Design by Kris Qiu

Coriolanus was directed by Leo Egger TC ’24 (whom you may know from being the editor-in-chief of the Herald, and from never having been implicated in a conflict of interest of any kind) and ran from March 2 to March 4.

Boris Vian was an author, jazzman, all-around genius goofball, and a Pisces. For reasons unknown, he’s been peeking out from behind unexpected corners of my world for the better part of the last year. On his 102nd birthday last March, I didn’t know who he was. In May of that year, my professor gave me a book about the French existentialist set, of whom Vian was a friend and occasionally a part. My grandfather, an obsessive musical collector, saw me reading the book and asked me if it mentioned this Boris Vian guy. I left his house with a book about Boris Vian and the birth of hot jazz. 

I read the book and made a mental note to write about Boris Vian in the Herald in early March for his birthday this year. When my friend took me to her favorite bookstore, Los Angeles’s Skylight Books, in December, I had all but given up hope on finding any of his novels in English. Of course, there it was on the shelf: a brand-new Wakefield Press translation of his Vercoquin and the Plankton, a spectacle of wordplay and over-the-top cleverness. 

I was at quizbowl tournament in New York a couple weeks ago. I hadn’t played quizbowl in months but decided to go with Yale’s team because I missed it, and besides, some of my friends were playing. In the final round, there was a question about Boris Vian. I remembered my idea for a Herald piece about him, but quickly wrote it off: after all, I had already committed to writing a piece about Leo Egger’s production of Coriolanus for the week before spring break. 

I walked into the Coriolanus dress rehearsal at around 9:30 p.m. I was incredibly sleepy, and Leo was giving notes to his cast in between runs. Before the cast launched into their final rehearsal, Leo encouraged them to go wild: “During performance, don’t do anything rash. Now is the time to take some risks.” He sounded like a basketball coach telling his team to cut loose right before the big game. That metaphor is a little forced—Coriolanus is being staged in the Berkeley College Multipurpose Room, otherwise known as the worst basketball court you have ever seen. It’s cramped, and a rectangle of tape marking off the foul line is the only suggestion that this space might be used to play sports. In other words, it’s perfect for other purposes.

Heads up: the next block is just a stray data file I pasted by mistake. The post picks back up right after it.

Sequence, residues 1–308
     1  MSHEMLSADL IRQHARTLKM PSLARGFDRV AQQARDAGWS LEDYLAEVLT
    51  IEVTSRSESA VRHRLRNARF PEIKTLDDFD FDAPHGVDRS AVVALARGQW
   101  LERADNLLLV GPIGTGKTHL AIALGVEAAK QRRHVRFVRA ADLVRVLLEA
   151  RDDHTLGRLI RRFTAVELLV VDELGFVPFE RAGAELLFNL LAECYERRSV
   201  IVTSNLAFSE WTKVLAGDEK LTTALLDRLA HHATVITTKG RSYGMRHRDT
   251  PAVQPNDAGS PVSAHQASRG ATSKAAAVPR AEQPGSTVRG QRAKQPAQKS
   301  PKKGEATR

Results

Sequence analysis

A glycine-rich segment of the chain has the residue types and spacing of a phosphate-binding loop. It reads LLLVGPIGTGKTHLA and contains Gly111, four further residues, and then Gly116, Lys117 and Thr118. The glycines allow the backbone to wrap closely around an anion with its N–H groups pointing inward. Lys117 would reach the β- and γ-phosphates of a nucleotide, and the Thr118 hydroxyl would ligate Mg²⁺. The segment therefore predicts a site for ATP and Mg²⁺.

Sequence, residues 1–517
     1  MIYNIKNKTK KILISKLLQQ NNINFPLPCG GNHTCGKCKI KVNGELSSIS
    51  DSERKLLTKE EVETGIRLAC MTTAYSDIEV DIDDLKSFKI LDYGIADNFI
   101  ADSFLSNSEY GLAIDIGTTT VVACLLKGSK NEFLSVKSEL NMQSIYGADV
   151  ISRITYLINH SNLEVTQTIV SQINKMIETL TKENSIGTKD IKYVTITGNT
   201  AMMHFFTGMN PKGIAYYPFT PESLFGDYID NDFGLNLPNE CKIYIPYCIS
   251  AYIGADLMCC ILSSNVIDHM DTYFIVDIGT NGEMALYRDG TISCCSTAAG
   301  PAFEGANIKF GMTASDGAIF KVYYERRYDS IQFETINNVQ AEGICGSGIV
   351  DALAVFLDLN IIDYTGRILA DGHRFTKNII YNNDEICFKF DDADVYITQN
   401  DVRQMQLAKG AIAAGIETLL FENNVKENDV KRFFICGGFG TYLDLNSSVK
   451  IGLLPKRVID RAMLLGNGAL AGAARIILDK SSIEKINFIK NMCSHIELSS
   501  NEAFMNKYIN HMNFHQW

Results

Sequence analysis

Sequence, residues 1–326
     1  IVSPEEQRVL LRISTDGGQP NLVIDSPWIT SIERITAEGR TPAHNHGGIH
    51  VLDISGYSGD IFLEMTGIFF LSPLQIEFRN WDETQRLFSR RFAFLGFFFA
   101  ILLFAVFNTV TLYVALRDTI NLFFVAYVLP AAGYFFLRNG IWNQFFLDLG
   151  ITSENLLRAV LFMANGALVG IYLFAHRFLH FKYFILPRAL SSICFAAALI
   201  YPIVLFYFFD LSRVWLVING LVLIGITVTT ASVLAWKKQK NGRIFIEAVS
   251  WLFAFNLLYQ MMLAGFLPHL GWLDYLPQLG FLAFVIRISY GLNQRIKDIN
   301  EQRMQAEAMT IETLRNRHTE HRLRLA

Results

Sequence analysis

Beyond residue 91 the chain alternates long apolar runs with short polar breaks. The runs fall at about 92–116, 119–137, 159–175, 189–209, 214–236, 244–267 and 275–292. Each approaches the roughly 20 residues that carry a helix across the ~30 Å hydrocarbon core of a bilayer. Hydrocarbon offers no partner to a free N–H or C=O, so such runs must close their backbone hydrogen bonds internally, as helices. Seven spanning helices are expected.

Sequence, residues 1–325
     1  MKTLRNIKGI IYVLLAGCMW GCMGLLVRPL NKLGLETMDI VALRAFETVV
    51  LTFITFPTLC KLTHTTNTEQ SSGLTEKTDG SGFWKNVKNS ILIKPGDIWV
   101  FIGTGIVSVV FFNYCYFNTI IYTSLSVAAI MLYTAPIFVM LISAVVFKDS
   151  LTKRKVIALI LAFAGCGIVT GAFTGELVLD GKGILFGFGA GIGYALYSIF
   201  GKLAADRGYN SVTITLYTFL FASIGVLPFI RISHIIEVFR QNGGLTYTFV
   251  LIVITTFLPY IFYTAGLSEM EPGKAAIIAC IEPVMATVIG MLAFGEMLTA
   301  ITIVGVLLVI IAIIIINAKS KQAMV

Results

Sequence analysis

The actors were exhausted (they were approaching hour 4 of rehearsal when I showed up) but played well to their audience of one. Coriolanus is a play about a proud general (guess his name) who gets banished from Rome after he pridefully reprimands starving peasants. He joins forces with his mortal enemy, the Volscian general Tullus Aufidius. When Coriolanus’s family persuade him to make peace between Rome and the Volscians, he is killed by the Volscians as a traitor. 

At the end of the play, a song began to play: 

Monsieur le Président, je vous fais une lettre / que vous lirez peut-être, si vous avez le temps

It’s called Le déserteur. It’s been used as a protest song for almost 70 years, since the days of the French colonial wars in Vietnam and Algeria. It makes sense—Coriolanus first deserts Rome, then breaks his promises to the Volscians. In the last speech before the end of the play, Tullus Aufidius, having just killed Coriolanus, proclaims: “My rage is gone/and I am struck with sorrow.” The play is a tragedy; tragedy comes when first good sense and then rage desert Tullus Aufidius. 

If you haven’t already guessed where this is going, I’ll tell you. Le déserteur was written by Boris Vian. I laughed through the bloodstained curtain call. It often feels like coincidence runs rampant through my life. In a long winter like this one, coincidence in life, in art, offers a sense of coherence. Coincidence is ephemeral, but the ephemeral is life-affirming, more so than the solid which has the weight to crush.

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